PRC Sends Another Warning To Apple?

| About: Apple Inc. (AAPL)

Summary

The Beijing Intellectual Property Office decided Apple copied the Baili 100C phone.

The decision is of little or no consequence to Apple's bottom line in isolation.

However, it is another piece of evidence of a strained relationship between Apple and the PRC.

What can Apple do and should we hold?

Bloomberg reports the Beijing Intellectual Property Office issued a decision Apple (NASDAQ:AAPL) violated the design patents of the Baili 100C phone. This was because the iPhone 6 and iPhone 6 Plus show similarities to the Baili phone.

Apple is appealing the decision which means it doesn't need to pull phones. The images below show the two phones side by side:

Source: Tweakers.net (tenaa.com.cn is unreachable)

If you ask me, they look alike as many smartphones do. You could argue the 100C phone looks like the iPhone 5 just as well.

In any case, the direct consequences of the ruling to Apple are non-existent. The ban is limited to Beijing and it isn't taking effect because of Apple's appeal.

Yet, it is extremely worrisome because the PRC appears to want to send a message to Apple, if it doesn't want to slow it down outright. As I wrote in Apple's China Problem:

I'm not worried about Apple's lost revenue from iBooks or iTunes movie service for a second. I'm worried about the PRC consistently undermining Apple's competitive position.

First the iBooks and iTunes movie services were shut. Then a Chinese court ruled a small leather goods company could sell its wares and brand them IPHONE.

Subsequently, we saw Apple invest a billion dollars into Chinese ride-hailing app Didi Chuxing (Private:DIDI). With Tim Cook explaining:

We are making the investment for a number of strategic reasons, including a chance to learn more about certain segments of the China market

"Strategic reasons" like getting more clout with the PRC? It may or may not have worked but now we are faced with an actual attack on Apple's core product. The iPhone is Apple's moneymaker that is absolutely critical to its cash flow. This is clearly a shot across the bow. The tricky thing is it is hard to ascertain (even for the companies involved) what the PRC wants exactly.

Let me repeat a key quote from Steven Levy's In The Plex which chronicles the problems between the PRC and Google (NASDAQ:GOOG) (NASDAQ:GOOGL), ultimately resulting in the withdrawal from China by the U.S. search giant:

It was as if the government was sending Google a message: you can be in our market, but you must not be the leader. As Google's market share inched into the twenties and approached 30 percent, some Google executives believed the number was hitting an artificial ceiling: the government would never allow Google to accumulate more than a 35 percent share.

There are many similarities in the struggles between Google and the PRC and what is going on now between Apple and the Chinese government. The Google history is very interesting because it is one of the few companies that did really withdraw from China and is consequently not as guarded about how the relationship developed.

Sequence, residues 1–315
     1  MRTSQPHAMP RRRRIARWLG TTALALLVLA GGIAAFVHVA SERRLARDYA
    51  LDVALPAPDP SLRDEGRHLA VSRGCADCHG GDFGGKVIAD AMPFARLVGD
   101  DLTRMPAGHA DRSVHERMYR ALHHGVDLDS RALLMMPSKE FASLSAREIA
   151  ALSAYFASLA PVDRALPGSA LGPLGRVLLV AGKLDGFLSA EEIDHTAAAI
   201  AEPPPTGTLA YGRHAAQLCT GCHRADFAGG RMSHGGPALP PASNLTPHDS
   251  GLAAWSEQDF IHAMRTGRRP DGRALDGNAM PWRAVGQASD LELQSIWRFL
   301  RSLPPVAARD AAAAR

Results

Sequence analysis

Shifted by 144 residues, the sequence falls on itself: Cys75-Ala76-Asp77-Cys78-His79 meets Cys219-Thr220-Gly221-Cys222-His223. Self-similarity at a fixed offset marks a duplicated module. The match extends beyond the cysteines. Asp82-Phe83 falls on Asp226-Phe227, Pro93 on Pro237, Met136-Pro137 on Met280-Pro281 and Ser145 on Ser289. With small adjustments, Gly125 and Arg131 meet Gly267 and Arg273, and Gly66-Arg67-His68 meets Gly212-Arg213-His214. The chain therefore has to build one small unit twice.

As I speculated before, it could be Apple is simply too successful of a foreign company by taking too much market share, and PRC regulators don't like it:

Infographic: Apple Is the Odd One Out in China

You will find more statistics at Statista

When the PRC wants to cut back on a company's market share, there is not much the company can do. Many foreign companies experienced problems over the years. Not just Google who had their service slowed and blocked on purpose and even redirected straight to Chinese competitors Baidu (NASDAQ:BIDU). Coca-Cola (NYSE:KO) has had a plant shut because its coke contained less chlorine than drinking water...

What can Apple do? Is there a fix? Craig Bouchard and James Koch offer the following insider's edge in The Caterpillar Way:

To conduct business in China, one must become Chinese. This means man things, but there are a few key concepts: (1) operate at the scale of your Chinese competitors (small is usually a bad idea), (2) understand the motivation of Chinese political leaders, which is first to feed the people, (3) digest China's five-year plan and build into it because it really does provide a road map, (4) make sure you have senior employees who are also senior members of the local Communist Party and have guanxi, (5) develop an internal culture that understands and respects the Foreign Corrupt Practices Act, and (6) understand that your intellectual property could come under assault.

Perhaps Apple can learn more about the motivations of the Chinese leaders and develop a better relationship? The billion dollar investment in Didi apparently wasn't enough. We may see additional Apple investments to build on its relationship. However, there is a risk the PRC will just not allow the company to gain a dominant market share. That risk casts a shadow over the release of the iPhone 7. Alternatively, as a form of damage control Apple could respond by raising its prices, which would keep its market share down, so as not to offend the government, but at least allow it to capture monstrous margins while further fortifying its premium brand.

Apple's stock has run up 3.25% since my May article, but I am still of the opinion it is preferable to run the risk of missing out on Apple's stock appreciating a bit while monitoring how the relationship between Apple and the PRC evolves. This recent news indicates there are still problems and if Apple were to withdraw from China, like Google did, the effect on its share price would be profound.

Disclosure: I am/we are long GOOGL, BIDU.

I wrote this article myself, and it expresses my own opinions. I am not receiving compensation for it (other than from Seeking Alpha). I have no business relationship with any company whose stock is mentioned in this article.